Assuming the truth of Kennie's factual allegations, Kennie does not show that defendants' alleged perjury initiated a "baseless prosecution." Officer McKennis, while undercover, purchased drugs three times on June 3 from the same individual, and the drugs purchased were put into envelopes labelled with Kennie's initials. Following the third sale, Officer McKennis reconfirmed the identification of the alleged dealer after viewing a photograph of Kennie. Kennie contends that defendants testified falsely before the grand jury that his photograph was viewed after each of the three sales on June 3, rather than only once, following all three sales. Irrespective of whether Officer McKennis viewed Kennie's photograph one, two, or three times, nothing in the record suggests that Officer McKennis was unable to recognize the individual with whom he had repeatedly interacted that evening.

Kennie also argues that the district court abused its discretion in dismissing his false arrest, false imprisonment, and malicious prosecution claims as pendent state law claims over which it had no subject matter jurisdiction. Contrary to the district court's characterization of these claims, we construe these claims to allege a violation of the Fourth Amendment. However, these claims were properly dismissed because Kennie fails to state a claim upon which relief can be granted.

Assuming the truth of Kennie's factual allegations, his arrest and prosecution appear to have been amply supported by probable cause, which precludes recovery for malicious prosecution, false arrest or false imprisonment. See Marshall v. Sullivan, Nos. 95-9286, 95-9288, 1996 WL 76405, at * 3 (2d Cir. Oct. 17, 1996) (to be reported at 105 F.3d 47). Officer McKennis viewed a photograph of Kennie, and determined that the individual pictured was the same individual from whom he had repeatedly purchased drugs earlier that evening. Kennie does not contend that Officer McKennis knew it was not the same individual. Rather, he speciously contends that the photograph identification was not reliable because in the photograph, half of his face appears darker than the other half, and furthermore, that it was prejudicial because the photograph was a "mug shot" from a prior arrest. None of this supports the inference that his arrest and prosecution were without probable cause.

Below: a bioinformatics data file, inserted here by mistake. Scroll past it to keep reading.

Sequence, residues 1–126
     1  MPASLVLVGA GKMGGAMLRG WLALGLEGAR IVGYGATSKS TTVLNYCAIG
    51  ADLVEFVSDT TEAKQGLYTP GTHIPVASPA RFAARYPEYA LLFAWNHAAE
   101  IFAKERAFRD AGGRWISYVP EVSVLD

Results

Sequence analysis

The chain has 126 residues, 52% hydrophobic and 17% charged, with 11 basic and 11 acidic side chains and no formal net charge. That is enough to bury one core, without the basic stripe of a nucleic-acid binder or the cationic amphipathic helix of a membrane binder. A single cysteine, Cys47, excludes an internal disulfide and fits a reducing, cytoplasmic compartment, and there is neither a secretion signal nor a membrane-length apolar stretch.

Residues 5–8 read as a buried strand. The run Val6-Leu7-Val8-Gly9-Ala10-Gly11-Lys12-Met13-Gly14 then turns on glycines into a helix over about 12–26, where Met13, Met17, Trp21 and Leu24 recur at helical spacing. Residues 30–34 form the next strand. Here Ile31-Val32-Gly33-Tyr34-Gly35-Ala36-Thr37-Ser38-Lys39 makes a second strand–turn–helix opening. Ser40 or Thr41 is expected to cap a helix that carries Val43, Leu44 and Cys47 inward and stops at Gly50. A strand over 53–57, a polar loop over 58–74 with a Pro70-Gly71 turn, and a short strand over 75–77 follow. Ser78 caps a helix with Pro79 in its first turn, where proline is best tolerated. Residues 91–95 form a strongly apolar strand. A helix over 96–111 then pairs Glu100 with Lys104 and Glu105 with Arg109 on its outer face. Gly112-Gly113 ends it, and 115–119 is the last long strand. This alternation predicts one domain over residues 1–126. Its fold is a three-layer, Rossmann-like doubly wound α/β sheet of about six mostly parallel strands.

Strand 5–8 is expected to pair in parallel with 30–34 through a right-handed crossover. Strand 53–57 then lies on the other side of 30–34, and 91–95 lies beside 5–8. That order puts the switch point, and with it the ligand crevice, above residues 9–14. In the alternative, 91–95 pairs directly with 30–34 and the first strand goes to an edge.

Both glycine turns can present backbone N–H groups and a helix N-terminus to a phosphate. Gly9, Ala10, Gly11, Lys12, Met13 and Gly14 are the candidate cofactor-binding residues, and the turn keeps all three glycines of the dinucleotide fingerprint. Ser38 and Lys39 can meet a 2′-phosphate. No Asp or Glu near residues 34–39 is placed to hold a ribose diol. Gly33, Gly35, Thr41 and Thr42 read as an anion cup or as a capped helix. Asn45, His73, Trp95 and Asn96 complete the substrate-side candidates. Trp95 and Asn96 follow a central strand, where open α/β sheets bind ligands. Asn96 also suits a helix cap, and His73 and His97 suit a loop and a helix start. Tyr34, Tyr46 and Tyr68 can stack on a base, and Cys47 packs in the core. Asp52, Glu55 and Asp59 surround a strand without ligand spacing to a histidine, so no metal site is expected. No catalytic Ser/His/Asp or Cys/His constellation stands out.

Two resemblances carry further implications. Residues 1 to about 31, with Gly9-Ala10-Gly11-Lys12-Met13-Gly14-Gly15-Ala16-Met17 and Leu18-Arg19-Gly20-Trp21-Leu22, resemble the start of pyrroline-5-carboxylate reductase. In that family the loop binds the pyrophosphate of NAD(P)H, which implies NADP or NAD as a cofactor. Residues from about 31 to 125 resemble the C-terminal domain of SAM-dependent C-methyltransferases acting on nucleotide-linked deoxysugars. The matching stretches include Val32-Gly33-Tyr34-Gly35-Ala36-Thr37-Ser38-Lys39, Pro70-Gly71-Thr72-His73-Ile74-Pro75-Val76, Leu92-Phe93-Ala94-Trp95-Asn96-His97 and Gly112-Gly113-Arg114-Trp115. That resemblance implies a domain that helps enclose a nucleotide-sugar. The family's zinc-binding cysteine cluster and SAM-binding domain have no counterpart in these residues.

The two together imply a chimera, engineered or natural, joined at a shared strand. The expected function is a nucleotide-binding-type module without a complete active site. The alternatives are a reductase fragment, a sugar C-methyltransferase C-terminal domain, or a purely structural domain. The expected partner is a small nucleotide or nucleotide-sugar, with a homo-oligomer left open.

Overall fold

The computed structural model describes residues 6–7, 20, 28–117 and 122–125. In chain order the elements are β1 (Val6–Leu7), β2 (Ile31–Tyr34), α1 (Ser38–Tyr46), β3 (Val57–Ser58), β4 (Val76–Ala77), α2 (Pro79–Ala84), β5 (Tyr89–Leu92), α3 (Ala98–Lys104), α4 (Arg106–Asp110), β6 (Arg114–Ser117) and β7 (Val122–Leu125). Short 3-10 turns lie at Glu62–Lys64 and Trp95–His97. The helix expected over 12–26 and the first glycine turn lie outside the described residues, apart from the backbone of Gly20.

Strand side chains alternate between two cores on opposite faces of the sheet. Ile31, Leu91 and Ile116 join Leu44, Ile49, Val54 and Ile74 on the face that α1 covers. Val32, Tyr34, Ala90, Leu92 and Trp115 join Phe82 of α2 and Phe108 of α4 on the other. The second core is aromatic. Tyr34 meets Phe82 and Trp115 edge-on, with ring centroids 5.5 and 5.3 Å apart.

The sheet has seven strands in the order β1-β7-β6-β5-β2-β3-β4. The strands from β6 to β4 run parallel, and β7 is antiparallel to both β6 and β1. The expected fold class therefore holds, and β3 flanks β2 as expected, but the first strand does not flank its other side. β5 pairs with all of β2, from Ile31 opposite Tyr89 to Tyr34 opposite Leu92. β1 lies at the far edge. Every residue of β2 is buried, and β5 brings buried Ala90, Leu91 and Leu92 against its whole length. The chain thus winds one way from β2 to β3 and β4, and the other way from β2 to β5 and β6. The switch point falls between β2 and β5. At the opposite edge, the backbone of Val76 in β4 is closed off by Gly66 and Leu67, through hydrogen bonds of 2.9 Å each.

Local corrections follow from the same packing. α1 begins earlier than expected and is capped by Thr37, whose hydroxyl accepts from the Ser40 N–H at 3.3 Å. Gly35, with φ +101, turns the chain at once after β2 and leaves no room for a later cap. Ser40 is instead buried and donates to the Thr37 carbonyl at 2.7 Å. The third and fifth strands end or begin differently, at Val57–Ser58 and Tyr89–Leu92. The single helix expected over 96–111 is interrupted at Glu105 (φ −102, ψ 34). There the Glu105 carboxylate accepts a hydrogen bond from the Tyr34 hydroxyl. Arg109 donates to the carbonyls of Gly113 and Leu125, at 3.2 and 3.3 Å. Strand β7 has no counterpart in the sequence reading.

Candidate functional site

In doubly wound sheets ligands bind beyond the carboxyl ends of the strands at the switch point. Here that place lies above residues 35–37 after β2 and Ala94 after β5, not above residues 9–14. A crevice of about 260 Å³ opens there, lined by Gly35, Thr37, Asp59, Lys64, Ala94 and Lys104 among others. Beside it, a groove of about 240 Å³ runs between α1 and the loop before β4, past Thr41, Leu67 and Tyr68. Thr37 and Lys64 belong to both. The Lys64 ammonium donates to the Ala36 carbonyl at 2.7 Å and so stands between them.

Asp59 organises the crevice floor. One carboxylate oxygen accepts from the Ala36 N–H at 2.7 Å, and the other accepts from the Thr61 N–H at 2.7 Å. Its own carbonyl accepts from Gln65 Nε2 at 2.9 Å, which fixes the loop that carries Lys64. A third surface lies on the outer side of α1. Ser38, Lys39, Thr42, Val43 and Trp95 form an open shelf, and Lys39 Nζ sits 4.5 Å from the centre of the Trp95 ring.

Finally, Kennie argues that his constitutional rights were violated because his prosecution was incident to a discriminatory investigation of illegal drug activity in White Plains, New York. As evidentiary support of this claim, he presents statistical evidence to show that during the month in which he was arrested and charged, at least 90% of the 107 indictments handed down in White Plains involved African-Americans or Hispanics from low-income housing areas of White Plains. We reject this argument.

Kennie has presented no evidence that defendants were aware of people of other ethnicities and races who should have been indicted but--as a result of their ethnicity or race--were not. Cf. United States v. Armstrong, --- U.S. ----, 116 S. Ct. 1480, 1487 (1996) ("To establish a discriminatory effect in a [selective prosecution] case, the claimant must show that similarly situated individuals of a different race were not prosecuted."); Wards Cove Packing Co. v. Antonio, 490 U.S. 642, 650 (1989) (to the extent that racial imbalances in employer's work force are relevant, " [t]he 'proper comparison [is] between the racial composition of [the jobs at issue] and the relevant labor market' ") (quoting Hazelwood Sch. Dist. v. United States, 433 U.S. 299, 308 (1977)). In the absence of a meaningful comparison, Kennie's statistical argument fails to support the inference of unlawful discrimination.

We have carefully considered Kennie's remaining arguments, and find them all to be without merit. Accordingly, we affirm the judgment of the district court.

 *

The Honorable Harlington Wood Jr. of the United States Court of Appeals for the Seventh Circuit, sitting by designation